5. Why the hell did Cam Newton get a statue at Jordan-Hare Stadium on Saturday?: Yes, you read that correctly: Cam Newton, a guy who just finished playing football at Auburn less than 18 months ago, had a statue put up in his honor Saturday. To which, I’ve got to steal a line from ESPN’s Sunday NFL Countdown and say… “C’Mon Man!!”
Look, I love Cam Newton. I do. With all due respect to Vince Young, Reggie Bush, Tommie Frazier, whomever, Cam was the single biggest difference-making college football player I’ve ever seen.
At the same time, isn’t it a little early to put up a statue for him? Couldn’t we at least wait a few years? Let the title sink in, let the memories fade a tiny bit, and then maybe after we gain a little perspective on where that Auburn team stands in history, and how much they meant to the school, maybe then we could put up a statue? How did Auburn wait 27 years to put up a statue of Bo Jackson, but not even 27 months on Cam Newton? Heck, couldn’t we have at least waited until Cam was old enough to rent a car to drive himself to the stadium for the ceremony?! (And for the record, I was just as much against Tim Tebow getting a statue at Florida and Nick Saban getting a statue at Alabama as well).
As a matter of fact, I say we put a moratorium on all statue-making in college football. I say that for a player to receive a statue, until they are 10 years removed from college football, and for a coach, at least five. Wouldn’t that give us all a bit of a sense of appreciation of what that guy accomplished?
6. Spring is in the air: And if you missed anything that happened this weekend around the country (well, besides Cam Newton getting his own statue), we at Crystal Ball run have you covered.
Here’s the most comprehensive list of what happened this weekend that you’ll find anywhere.
7. And finally, one last football link before we move away from college football: And that’s John Walters take on Vontaze Burfict via Sunday’s edition of The Daily. It’s a fascinating read, on a very complex character.
Take the five minutes and give it a look.
8. In non-college football news: The headline that struck me this weekend came from deep in the heart of Texas. No, it had nothing to do with Jerry Jones, Yu Darvish or Dirk Nowtizki, but instead… SMU basketball?
That’s right, our good friends in Dallas are looking to make a splash on the hardwood, and did so by bringing a very interesting candidate to campus to interview for their vacant head coaching job.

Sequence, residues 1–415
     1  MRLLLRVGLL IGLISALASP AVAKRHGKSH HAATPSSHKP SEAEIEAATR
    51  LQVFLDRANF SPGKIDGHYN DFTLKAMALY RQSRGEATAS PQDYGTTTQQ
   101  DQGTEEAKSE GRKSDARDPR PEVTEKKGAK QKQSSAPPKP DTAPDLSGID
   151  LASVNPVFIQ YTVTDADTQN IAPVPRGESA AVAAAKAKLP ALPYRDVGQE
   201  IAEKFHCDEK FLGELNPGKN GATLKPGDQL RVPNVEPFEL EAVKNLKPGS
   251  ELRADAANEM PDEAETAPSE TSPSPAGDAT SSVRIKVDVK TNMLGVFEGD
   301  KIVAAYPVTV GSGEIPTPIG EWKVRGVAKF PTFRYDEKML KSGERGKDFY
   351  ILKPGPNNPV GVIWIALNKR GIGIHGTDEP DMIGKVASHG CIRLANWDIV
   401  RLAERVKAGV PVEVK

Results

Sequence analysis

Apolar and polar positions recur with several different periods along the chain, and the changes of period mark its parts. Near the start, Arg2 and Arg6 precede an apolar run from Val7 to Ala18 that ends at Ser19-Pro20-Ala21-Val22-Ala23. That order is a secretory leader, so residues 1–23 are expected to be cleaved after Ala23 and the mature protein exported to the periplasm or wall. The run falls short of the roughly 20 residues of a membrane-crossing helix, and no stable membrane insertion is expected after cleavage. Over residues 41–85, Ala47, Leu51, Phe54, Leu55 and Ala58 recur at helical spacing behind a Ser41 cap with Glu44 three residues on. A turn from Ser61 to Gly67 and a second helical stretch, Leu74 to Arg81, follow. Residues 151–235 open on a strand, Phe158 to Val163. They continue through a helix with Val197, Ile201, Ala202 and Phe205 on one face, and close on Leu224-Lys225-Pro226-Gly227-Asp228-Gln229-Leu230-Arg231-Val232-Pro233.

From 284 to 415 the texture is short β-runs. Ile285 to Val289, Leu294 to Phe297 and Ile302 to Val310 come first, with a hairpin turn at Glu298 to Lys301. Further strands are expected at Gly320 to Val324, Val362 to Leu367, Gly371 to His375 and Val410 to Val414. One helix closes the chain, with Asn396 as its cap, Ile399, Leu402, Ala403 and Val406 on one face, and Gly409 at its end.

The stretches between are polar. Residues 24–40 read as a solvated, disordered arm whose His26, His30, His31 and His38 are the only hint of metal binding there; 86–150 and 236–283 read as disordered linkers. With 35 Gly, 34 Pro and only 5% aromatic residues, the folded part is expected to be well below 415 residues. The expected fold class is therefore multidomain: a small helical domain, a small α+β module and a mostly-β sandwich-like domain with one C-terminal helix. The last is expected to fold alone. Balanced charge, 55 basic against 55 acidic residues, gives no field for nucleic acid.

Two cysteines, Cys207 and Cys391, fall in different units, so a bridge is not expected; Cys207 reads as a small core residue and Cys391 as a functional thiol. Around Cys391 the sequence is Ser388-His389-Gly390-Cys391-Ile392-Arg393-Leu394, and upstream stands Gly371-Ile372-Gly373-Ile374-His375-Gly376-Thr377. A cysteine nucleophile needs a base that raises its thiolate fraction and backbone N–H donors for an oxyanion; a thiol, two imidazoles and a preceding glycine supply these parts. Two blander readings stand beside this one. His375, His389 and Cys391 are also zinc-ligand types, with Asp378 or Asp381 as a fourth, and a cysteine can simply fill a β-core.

That man? Larry Brown.
In case you’re wondering, yes we’re talking about that Larry Brown. The guy who’ll turn 72 in December, has the commitment issues of a soon-to-be college freshman, and one who hops jobs more than an independent contractor.
And you know what? If they were to hire Brown, I would love it.
Seriously, let’s think about it for a second: What is the downside to hiring Larry Brown? Well, there’s a chance he’ll get ancy and leave in a year or two (because, well, that’s what he does at every job), and even if he stays, he’s 72, meaning that at best you get him for five or six years. Add to the fact that he hasn’t coached college basketball since 1988 (when none of his current players were even born), and it does kind of seem like a square peg in a round hole situation.
At the same time…. who cares!?!?!?!?! He’s Larry freakin’ Brown! The only man to win both an NCAA and NBA title! The guy who forgot more about basketball yesterday than most coaches learn in a lifetime! The guy who has won 1,500 basketball games in his career! Plus you’re SMU. What better way to get people talking about your basketball program (especially again, as they transfer into the Big East), then by bringing in this guy? Will grabbing an assistant from some other school, or a head coach no one has ever heard of do you any better?
And in the end, it looks like the folks at SMU are interested in Brown, with a catch. Late-breaking reports on Sunday seem to indicate that SMU is interested in hiring Brown with a stipulation: That he bring his successor (most likely Buzz Peterson) with him. That’ll calm any fears about Brown’s age, as well as that he’ll skip town before the work is done.
Either way, I say SMU hires Brown, with or without the guarantee of Peterson with him. After all, what else is going to get us talking about SMU basketball?
Let’s start to wrap up, and actually…
9. Praise Carmelo Anthony?: Yes, I didn’t expect to type those words this morning either. Actually, I take that back: I fully expected Bobby Petrino and Jessica Dorrell to get their own spin-off sitcom on Fox before I ever said anything nice about Anthony in this space.
Only it happened, because of what Anthony did on Friday night, when he hosted the family of Trayvon Martin at Madison Square Garden. It was a quick in-and-out for the family, which was in town for an interview with Anderson Cooper.
Look, at the end of the day I’m not here to get into the dynamics of the case, but I think we can all agree that it’s always sad when a person that young dies. Well, credit to Anthony for taking the time, and using his platform to brighten the days of Martin’s family.
Again, I’ve never liked Carmelo, but this was a truly special thing.
10. I always like to wrap up with a review of some book, movie or TV show I’ve been into: So today, I’ve got to mention his: I saw 21 Jump Street on Sunday, and the movie was straight hysterical.
Yes, it got a little goofy at times, and no, it isn’t for all crowds. But if you know coming in you’re going to see something dumb, and just simply embrace it, it makes the movie that much easier to tolerate, and that much easier to enjoy.
If you’re looking for a piece of cinematic artistry, than 21 Jump Street probably isn’t going to be your thing. But if you’re looking to sit back, relax and enjoy a few laughs, definitely check it out.
For all his opinion, articles and insight on college football, follow Aaron on Twitter @Aaron_Torres.